It’s also a way to keep people safe and healthy during this time of social distancing due to COVID-19. If someone is ill they can still receive the mental health services they need. Even if clients are not ill, they can still get therapy in a safe way.
The need for telehealth in the time of the coronavirus
With social distancing and self-quarantining, many people are in need of someone to talk to. Whether they have a mental health diagnosis or are simply lonely, scared and anxious about the state of things, teletherapy provides an opportunity to get the mental health help that clients may never have known they needed.
Telehealth for therapists is even more crucial now than it ever has been because for most of you it’s the only way you can work with your clients. If you do have a client who has the coronavirus, they can still receive mental health services. This is huge because if they have the virus they’re probably in isolation, are afraid, and can’t see their loved ones. Having a therapy lifeline may actually make their lives a little more bearable. Plus it gives them someone to talk to and create with, for my creative arts therapists.
Regardless of your comfort level with telehealth, it’s your job as a therapist to provide the best care you can for your clients. In this case, this may mean adjusting your entire practice and the way you communicate with your clients.
For therapists that work with children, telehealth can be particularly difficult. Most of your therapy probably include some form of play, which can be difficult to do over a Skype or Zoom call.
Therapy is reciprocal, and it can be hard to feel that reciprocity online or over the phone. While telehealth is necessary during this pandemic, it puts a barrier between you and your clients. For creative arts therapists, there’s the added challenge of figuring out how to use your modality to facilitate the therapy.
Many of you have to adjust your expectations and techniques. Adjusting expectations is a big one because you don’t necessarily know what to expect anymore. At least when you meet with clients in your office, you know the space, you know what is distracting and can plan for that, and you know how you’re going to interact with your clients.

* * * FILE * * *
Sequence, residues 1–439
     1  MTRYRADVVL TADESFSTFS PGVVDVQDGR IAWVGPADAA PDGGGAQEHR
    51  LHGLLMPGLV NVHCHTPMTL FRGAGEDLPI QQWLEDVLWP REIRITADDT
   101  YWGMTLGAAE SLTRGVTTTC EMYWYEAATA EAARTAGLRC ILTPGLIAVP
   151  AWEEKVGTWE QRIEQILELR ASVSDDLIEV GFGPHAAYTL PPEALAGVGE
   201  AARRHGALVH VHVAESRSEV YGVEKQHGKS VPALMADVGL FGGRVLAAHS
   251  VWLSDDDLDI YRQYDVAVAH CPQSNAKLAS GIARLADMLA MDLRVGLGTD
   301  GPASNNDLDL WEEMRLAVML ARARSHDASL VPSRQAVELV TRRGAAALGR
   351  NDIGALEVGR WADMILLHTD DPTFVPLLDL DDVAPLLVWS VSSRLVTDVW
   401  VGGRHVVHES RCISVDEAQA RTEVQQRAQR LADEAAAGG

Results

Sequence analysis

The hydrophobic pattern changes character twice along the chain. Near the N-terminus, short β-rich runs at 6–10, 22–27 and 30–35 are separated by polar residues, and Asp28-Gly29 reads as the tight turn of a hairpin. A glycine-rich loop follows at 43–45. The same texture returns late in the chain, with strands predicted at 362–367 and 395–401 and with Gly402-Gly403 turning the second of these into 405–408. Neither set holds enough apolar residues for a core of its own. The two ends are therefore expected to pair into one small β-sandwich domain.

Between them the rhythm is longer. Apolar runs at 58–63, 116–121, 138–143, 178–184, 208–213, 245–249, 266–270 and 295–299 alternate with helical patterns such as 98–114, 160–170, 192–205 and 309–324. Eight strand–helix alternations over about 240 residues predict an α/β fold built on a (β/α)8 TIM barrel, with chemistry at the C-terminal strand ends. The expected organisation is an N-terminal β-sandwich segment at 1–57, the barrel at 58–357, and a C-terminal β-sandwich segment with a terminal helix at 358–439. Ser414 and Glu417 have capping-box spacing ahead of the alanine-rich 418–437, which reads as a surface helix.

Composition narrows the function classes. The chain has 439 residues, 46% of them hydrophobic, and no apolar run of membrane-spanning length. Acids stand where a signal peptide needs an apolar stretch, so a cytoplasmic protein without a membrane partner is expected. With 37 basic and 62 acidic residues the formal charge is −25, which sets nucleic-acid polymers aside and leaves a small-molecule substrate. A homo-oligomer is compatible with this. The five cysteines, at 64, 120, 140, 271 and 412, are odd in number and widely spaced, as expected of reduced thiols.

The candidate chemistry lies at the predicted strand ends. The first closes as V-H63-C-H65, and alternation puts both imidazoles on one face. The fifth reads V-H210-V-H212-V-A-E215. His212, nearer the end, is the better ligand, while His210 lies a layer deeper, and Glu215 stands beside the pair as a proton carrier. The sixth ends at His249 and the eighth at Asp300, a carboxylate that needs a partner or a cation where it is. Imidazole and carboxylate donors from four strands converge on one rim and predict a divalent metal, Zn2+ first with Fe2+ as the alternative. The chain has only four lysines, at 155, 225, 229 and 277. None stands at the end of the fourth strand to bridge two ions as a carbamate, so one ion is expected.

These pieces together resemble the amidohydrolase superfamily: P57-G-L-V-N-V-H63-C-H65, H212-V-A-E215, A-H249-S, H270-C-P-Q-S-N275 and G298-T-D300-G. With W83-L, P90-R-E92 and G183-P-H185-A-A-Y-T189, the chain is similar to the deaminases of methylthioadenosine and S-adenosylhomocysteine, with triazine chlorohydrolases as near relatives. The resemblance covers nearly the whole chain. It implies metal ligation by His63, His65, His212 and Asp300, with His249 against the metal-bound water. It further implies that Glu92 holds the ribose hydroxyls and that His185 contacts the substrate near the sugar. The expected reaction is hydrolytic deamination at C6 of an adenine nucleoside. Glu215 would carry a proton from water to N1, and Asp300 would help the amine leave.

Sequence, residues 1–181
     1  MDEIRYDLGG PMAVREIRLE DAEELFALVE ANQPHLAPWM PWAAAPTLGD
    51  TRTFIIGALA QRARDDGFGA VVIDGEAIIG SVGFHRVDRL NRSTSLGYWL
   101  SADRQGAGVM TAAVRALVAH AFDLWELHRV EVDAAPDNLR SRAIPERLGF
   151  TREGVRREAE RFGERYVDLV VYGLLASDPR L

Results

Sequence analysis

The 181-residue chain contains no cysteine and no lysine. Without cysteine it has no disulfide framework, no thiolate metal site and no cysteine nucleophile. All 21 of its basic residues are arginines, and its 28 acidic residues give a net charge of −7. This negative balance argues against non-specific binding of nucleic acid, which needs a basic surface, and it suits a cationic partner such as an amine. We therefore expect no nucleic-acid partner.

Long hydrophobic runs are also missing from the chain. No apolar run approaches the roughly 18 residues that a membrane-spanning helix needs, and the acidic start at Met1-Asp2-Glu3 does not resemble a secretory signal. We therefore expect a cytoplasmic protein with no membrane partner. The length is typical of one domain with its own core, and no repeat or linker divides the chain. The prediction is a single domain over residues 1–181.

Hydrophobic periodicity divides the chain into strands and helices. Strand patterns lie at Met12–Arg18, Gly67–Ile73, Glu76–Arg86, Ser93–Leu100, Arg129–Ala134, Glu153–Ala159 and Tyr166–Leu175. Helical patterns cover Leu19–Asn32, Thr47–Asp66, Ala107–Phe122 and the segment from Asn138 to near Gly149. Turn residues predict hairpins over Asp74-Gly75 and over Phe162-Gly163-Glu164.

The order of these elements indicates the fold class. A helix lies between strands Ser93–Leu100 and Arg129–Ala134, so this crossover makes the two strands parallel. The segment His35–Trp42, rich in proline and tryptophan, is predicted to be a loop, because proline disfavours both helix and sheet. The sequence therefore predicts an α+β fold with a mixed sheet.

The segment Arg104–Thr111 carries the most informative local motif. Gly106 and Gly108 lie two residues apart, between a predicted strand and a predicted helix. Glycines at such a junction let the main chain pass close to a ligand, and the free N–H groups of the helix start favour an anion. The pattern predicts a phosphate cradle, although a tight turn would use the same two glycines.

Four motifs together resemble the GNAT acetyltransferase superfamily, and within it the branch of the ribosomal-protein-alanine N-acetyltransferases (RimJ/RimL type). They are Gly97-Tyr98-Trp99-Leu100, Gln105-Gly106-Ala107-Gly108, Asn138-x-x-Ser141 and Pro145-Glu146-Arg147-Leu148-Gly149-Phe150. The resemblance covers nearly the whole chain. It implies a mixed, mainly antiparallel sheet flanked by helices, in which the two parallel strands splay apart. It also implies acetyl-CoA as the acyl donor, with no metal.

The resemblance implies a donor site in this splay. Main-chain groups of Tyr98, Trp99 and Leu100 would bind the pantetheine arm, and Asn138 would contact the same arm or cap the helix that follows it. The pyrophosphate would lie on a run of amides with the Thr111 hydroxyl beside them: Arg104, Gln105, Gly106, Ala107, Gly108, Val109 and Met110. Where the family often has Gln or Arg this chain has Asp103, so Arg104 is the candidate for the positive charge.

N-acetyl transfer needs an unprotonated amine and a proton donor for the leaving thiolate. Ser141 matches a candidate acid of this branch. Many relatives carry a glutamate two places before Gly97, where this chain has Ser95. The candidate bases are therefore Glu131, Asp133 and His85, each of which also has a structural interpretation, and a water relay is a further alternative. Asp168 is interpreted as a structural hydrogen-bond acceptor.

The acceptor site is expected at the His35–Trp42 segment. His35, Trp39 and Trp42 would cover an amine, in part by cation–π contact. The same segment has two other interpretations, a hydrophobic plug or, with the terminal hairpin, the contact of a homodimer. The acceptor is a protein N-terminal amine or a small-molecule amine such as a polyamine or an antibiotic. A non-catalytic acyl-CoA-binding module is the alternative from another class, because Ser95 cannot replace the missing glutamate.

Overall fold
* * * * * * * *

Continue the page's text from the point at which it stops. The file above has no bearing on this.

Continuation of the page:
Using telehealth changes the way you engage with your clients for sure, but it offers a chance for you to grow and evolve as a therapist. There are certain techniques that no longer apply to your work and this switch to telehealth is an opportunity to embrace new therapeutic techniques.
Resources and tools for all therapists
For creative arts therapists, there are several resources out there for help with transitioning to telehealth. Here are links for the following modalities:
Here is an article for creative arts therapists
Here is another article for all creative arts therapists about telehealth:
For music therapists
For art therapists
Here is a webinar about moving to telehealth for dance/movement therapists
For therapists who aren’t in the creative arts therapy family, there are a number of resources for you regarding telehealth. Here are a couple:
For all my therapist friends, hang in there, you’re doing great! Take a look at the resources listed above and continue to support one another as you move through this difficult time. Take advantage of supervision and create some peer support groups with other therapists. Most importantly, take care of yourselves so that you can better help your clients.